• Vicious Riposte – 1CP Use in the Fight phase, when a Black Templars Infantry unit is the target of an attack. Until the end of the phase, whenever a model rolls an unmodified roll of 1 to hit this unit, they take a mortal wound after resolving their attacks. A
    Wings Note:
    This varies wildly in usefulness and can be incredible, but I don’t quite see it as an A overall, more like a B. Against Orks or Daemons specifically it goes up in value a lot, as they pack buckets of attacks and limited re-rolls, but most units that do a lot of melee fighting are re-rolling 1s at least, massively tuning this down. The one nice thing about this is that the timing places it after your opponent has piled in
  • Shock and Awe – 1CP Use in the Charge phase. PIck a Black Templars Infantry unit that disembarked from a Land Raider Crusader. Until the end of the turn, enemy units can’t Overwatch that unit and when resolving hits against it, subtract 1 from the hit roll. A really cool way to protect a big squad piling out of a Land Raider Crusader, but not good enough to make Crusaders worth taking. A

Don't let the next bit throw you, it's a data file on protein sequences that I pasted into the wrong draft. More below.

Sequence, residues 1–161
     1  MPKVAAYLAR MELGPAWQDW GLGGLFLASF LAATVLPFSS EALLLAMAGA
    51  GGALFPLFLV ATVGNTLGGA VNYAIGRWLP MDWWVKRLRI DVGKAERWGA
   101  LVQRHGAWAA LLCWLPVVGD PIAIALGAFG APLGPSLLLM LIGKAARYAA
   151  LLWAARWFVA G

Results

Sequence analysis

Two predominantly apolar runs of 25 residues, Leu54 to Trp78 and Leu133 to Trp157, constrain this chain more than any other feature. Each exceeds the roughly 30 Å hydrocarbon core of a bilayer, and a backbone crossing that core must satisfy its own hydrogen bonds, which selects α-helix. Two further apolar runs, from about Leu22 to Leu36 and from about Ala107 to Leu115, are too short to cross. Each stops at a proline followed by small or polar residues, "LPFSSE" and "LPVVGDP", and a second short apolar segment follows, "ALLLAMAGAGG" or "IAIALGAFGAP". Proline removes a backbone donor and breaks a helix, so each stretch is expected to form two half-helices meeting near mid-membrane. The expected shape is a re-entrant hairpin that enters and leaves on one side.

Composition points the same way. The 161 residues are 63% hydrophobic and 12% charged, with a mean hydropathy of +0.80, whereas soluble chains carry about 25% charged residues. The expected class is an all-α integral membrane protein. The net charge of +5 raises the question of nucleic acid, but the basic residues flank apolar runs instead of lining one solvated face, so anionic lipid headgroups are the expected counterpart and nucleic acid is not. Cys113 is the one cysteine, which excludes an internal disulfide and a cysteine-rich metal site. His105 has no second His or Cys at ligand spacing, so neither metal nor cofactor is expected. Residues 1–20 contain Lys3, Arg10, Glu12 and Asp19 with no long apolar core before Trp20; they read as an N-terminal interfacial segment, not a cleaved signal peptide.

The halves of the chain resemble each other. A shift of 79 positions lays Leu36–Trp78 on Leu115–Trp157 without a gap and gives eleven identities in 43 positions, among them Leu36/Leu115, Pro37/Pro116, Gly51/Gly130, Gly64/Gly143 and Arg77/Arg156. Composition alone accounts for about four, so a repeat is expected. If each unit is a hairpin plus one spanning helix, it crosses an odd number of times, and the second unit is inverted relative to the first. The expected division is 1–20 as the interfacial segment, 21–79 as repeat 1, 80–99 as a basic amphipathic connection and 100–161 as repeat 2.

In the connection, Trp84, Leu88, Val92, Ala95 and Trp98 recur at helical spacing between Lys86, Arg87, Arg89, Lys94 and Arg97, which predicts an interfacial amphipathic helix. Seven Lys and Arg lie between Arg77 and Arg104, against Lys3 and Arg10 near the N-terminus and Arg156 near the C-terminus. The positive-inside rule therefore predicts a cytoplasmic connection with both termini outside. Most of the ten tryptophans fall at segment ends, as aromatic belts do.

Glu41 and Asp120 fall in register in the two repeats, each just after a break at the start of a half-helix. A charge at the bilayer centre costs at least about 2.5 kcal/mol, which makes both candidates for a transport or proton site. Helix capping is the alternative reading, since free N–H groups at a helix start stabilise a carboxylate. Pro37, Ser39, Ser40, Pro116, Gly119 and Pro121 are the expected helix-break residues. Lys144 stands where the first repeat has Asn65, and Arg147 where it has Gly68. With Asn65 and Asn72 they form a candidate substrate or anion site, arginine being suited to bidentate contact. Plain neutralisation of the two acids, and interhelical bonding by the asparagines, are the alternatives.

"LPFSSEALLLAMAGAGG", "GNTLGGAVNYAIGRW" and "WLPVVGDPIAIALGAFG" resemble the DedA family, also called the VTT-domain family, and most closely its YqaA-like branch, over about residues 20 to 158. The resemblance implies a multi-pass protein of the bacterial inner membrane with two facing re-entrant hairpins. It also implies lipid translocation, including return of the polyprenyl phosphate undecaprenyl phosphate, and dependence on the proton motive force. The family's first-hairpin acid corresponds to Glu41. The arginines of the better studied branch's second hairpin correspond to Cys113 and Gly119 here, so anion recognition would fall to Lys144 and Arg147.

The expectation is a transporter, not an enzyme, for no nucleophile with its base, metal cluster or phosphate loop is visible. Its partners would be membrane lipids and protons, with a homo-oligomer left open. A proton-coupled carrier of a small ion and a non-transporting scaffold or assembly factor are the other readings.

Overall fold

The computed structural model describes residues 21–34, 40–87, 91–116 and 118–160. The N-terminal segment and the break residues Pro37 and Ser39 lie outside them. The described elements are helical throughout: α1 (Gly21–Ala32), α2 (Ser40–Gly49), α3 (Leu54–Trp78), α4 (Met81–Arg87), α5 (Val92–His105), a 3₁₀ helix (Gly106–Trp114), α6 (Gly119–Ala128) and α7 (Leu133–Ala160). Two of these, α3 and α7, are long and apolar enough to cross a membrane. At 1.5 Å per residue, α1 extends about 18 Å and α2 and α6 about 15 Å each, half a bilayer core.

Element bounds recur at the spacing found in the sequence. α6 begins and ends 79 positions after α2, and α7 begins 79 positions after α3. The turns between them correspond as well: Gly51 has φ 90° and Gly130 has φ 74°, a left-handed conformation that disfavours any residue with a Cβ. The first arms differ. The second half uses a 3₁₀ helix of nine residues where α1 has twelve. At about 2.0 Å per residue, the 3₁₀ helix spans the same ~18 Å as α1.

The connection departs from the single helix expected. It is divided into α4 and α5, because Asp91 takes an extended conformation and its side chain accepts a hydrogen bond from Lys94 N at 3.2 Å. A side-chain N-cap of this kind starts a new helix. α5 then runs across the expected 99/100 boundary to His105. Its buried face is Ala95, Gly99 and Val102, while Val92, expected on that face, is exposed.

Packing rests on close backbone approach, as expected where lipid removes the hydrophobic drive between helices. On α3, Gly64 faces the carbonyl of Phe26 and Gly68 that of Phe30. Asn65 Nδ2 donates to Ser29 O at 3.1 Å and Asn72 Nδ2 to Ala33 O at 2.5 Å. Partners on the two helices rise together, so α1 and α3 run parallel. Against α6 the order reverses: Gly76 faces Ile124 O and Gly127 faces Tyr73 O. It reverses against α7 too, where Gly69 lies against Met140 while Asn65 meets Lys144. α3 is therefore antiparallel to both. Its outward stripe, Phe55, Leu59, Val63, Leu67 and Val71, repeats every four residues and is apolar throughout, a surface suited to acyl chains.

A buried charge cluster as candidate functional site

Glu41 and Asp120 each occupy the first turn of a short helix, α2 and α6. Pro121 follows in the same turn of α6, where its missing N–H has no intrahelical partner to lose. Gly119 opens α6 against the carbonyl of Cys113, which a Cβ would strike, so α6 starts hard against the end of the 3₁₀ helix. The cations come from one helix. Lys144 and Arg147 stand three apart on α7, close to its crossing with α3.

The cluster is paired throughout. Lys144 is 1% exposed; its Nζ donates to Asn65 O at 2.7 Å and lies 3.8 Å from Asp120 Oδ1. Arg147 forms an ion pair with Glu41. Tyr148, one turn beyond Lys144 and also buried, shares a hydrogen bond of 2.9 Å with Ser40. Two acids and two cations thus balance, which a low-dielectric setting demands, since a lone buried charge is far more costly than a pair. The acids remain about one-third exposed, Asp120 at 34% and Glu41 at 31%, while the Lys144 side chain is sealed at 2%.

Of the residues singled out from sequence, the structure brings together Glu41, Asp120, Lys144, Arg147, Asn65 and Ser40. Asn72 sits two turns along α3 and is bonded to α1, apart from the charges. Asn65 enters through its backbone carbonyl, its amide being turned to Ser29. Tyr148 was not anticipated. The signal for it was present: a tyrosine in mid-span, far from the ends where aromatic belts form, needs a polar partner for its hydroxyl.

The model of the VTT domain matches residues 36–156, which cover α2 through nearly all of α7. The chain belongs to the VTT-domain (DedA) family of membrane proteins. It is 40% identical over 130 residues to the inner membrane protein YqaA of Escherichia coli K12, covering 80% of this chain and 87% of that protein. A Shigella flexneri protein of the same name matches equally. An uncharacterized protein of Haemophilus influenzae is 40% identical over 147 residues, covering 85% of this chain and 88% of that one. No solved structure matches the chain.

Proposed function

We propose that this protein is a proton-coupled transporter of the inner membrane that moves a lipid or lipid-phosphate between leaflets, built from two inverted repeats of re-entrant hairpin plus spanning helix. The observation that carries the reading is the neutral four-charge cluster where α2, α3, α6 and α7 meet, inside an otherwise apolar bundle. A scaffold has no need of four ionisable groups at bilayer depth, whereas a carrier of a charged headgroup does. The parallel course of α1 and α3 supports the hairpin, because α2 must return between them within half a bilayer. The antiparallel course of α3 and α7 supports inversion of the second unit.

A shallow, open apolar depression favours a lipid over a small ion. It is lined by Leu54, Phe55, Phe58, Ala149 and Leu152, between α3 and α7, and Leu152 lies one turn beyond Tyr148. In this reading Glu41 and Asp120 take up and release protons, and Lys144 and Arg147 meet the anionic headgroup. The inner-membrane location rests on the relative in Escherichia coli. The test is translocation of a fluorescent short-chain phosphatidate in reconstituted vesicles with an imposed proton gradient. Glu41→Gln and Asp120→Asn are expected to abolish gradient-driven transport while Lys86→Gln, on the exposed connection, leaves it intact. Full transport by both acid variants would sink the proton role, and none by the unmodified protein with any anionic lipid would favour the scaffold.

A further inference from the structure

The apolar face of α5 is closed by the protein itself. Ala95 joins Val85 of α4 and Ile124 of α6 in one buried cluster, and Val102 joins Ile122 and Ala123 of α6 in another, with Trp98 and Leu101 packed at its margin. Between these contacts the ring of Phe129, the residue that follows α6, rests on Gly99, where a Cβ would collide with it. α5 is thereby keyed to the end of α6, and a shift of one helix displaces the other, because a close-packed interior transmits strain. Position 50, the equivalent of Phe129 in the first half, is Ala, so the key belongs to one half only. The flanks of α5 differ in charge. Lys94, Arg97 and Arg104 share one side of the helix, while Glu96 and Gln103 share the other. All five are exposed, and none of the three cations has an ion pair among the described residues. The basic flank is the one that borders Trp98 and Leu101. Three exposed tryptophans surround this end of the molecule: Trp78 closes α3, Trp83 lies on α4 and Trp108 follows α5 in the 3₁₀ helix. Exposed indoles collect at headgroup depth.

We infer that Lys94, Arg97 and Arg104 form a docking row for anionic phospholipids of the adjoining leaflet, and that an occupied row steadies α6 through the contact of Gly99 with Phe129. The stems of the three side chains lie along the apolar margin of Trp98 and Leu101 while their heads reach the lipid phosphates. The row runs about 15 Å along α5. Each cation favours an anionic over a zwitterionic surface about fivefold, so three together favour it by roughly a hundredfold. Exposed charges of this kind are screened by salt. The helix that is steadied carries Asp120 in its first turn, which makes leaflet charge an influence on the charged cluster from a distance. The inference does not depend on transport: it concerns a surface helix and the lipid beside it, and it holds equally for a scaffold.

Jack note: I would probably rank this as a B instead. The most useful unit to pile out of a Land Raider Crusader is probably a brick of assault centurions, and they’re durable enough that turning off overwatch isn’t tremendously valuable (unless you’re playing against T’au). It also faces the serious problem of requiring a Land Raider Crusader in your list.


In addition to these relics, the Black Templars also get access to the Special-Issue Wargear in the Imperial Fists Codex Supplement, and you can use the Champion of Blades Stratagem to get an Imperial Fists relic.

  • The Crusader’s Helm. Add 3” to the model’s aura abilities. Also, at the start of your Movement phase, pick a Black Templars unit with the Combat Doctrines ability within 6” of this model. Until your next Movement phase, the Assault Doctrine is active for that unit, replacing the current doctrine. This is a great way to circumvent the turn 3 restriction that prevents you from achieving your full potential with combat units. A
  • Witchseeker Bolts. Goes with a bolt weapon and you can shoot these instead of its normal ammo. You only get one attack, but the attack can target a PSYKER CHARACTER even if it’s not the closest model. Also a hit on a Psyker causes an extra D3 mortal wounds. Helpful for taking out high-profile psyker targets. B
  • The Aurellian Shroud. Once per battle at the start of the battle round, a model with this relic can activate it. If they do, until the end of the battle round, models in friendly Black Templars units have a 4+ invulnerable save while within 3” of the relic. A
  • Ancient Breviary. Chaplain only. When you roll for a litany for the bearer, you can roll 2D6 and discard the lowest result. A